Kippot and Cigarettes

Z is a pretty typical Modern Orthodox teenager in many ways. He goes to a Jewish day school and spends half the day studying Tanach (Bible and the prophets), Gemara and Hebrew. He goes to synagogue on Shabbat and he is a youth group leader. He plays on his school's basketball, soccer and baseball teams. He plays the piano and likes to read novels. He is also lukewarm about wearing a kippah. I totally get it. It's not always comfortable to stick out and look different than everyone else.

The fact  that he does not always have a kippah on causes me angst. Part of me feels like when Z is bare headed we are both being judged. I worry that people will think that neither Z nor our family are really Torah observant or that there is something intrinsically wrong with Modern Orthodoxy if their boys can go out with an uncovered head.

As Z has gotten older he has become much better about wearing his kippah in all sorts of situations and can often be found with a baseball cap on, an absolutely an acceptable alternative. The halacha (law) is not that a boy or man should wear a kippah it's that his head should be covered.

For some people the fact that Modern Orthodox boys in the United States don't always have a kippah on their head is evidence of the failures of Modern Orthodoxy. Truthfully I think it's about boys trying to figure out how to balance the world at large and Judaism. After all being Modern Orthodox is really about having one foot in each world and it's not always an easy balance.

I sometimes feel judged by more right-winged Jews. I know I should not care but I know that the fact that there are MO boys who do not always have something on their head is proof for some that there is something lacking in the choices that J and I have made.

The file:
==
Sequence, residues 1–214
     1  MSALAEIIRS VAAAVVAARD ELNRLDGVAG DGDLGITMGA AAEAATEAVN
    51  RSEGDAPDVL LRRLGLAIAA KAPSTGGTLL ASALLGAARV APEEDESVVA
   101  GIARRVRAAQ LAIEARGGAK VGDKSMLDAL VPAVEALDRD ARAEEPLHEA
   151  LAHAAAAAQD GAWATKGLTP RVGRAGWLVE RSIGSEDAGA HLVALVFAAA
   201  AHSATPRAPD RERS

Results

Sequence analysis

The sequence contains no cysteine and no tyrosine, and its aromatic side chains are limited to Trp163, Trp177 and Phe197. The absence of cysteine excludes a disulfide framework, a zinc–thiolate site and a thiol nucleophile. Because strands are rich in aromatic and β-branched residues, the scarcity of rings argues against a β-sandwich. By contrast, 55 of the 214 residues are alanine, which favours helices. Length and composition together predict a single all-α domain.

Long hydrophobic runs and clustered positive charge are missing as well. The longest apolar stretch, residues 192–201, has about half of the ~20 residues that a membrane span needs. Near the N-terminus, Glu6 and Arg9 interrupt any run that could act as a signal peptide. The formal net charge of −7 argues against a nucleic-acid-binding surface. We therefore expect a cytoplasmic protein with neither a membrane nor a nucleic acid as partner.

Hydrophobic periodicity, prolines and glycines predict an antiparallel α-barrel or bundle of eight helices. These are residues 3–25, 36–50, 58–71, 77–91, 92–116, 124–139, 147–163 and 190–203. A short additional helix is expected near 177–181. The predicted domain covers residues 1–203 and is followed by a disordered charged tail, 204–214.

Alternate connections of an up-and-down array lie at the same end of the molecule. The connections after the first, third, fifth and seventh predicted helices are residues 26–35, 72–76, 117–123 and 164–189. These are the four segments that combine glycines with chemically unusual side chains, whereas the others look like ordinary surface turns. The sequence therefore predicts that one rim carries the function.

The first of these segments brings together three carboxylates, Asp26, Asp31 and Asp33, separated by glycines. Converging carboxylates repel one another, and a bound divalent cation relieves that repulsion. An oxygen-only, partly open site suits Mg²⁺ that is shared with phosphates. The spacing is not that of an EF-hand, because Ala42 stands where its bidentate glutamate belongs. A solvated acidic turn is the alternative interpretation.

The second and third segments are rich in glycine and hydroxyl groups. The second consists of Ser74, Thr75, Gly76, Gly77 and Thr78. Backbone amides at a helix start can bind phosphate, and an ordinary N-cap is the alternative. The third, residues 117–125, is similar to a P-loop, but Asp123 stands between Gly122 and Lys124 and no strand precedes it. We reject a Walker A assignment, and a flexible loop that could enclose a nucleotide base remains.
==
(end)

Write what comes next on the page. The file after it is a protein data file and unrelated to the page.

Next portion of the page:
In a way not wearing a kippah is a sort of rebelliousness. Interestingly, for the more right wing community rebelliousness in teen-age boys often takes the form of smoking cigarettes. Z recently said "Wouldn't you rather me not always wear a kippah and not smoke?" Of course I feel that way. I am actually that crazy lady on the street that tells teenagers that they look like idiots when they are smoking!(Tonight my kids made me promise never to say that again when I am with them.)

In my ideal world he would always have a kippah on and he would not smoke but in the world of teenage boys I'll take a bare head and a healthy body.


rebeccad said…
I know how you feel and he is right and wrong and inbetween. I also have a MO boy and he refuses to wear it in the in the house as his rebellousness. He parades about without it and I bite my toungue. On the rare occasions I mention it you should see the stares. However......he won't eat anything with out it. I then came to the fact he wears it when it really counts. He's a teen and thats how it is. I just expect it an except it. I don't like it but it is as it is. Like staying out 15 minute past curfew.
As for the more right wing try not to judge them maybe they aren't judgeing, alot of them are probally empathizing. You don't know whats happening in their own homes with their own teens. Like you mentioned smoking is slowly becoming the in thing to rebel with. AND alot worse! Trust me my son is in a school for these kids and he is one of the least of the issues! Feel pity for all us mothers who are subjected to TEENS!! I think it is Hashem's way of testing our endrence!

Thanks for your insights.

Anonymous said…
My mother died a painful, torturous death from emphysema caused by smoking. It's the Bad Guy who killed my mother, and I will never forgive it.
Your font is really hard to read! Good luck with your son, it does get easier.
Maya Resnikoff said…
It's fascinating to read about your son, going through his process of developing his self-presentation in the "outside" world, from your perspective. Thank you for sharing it.

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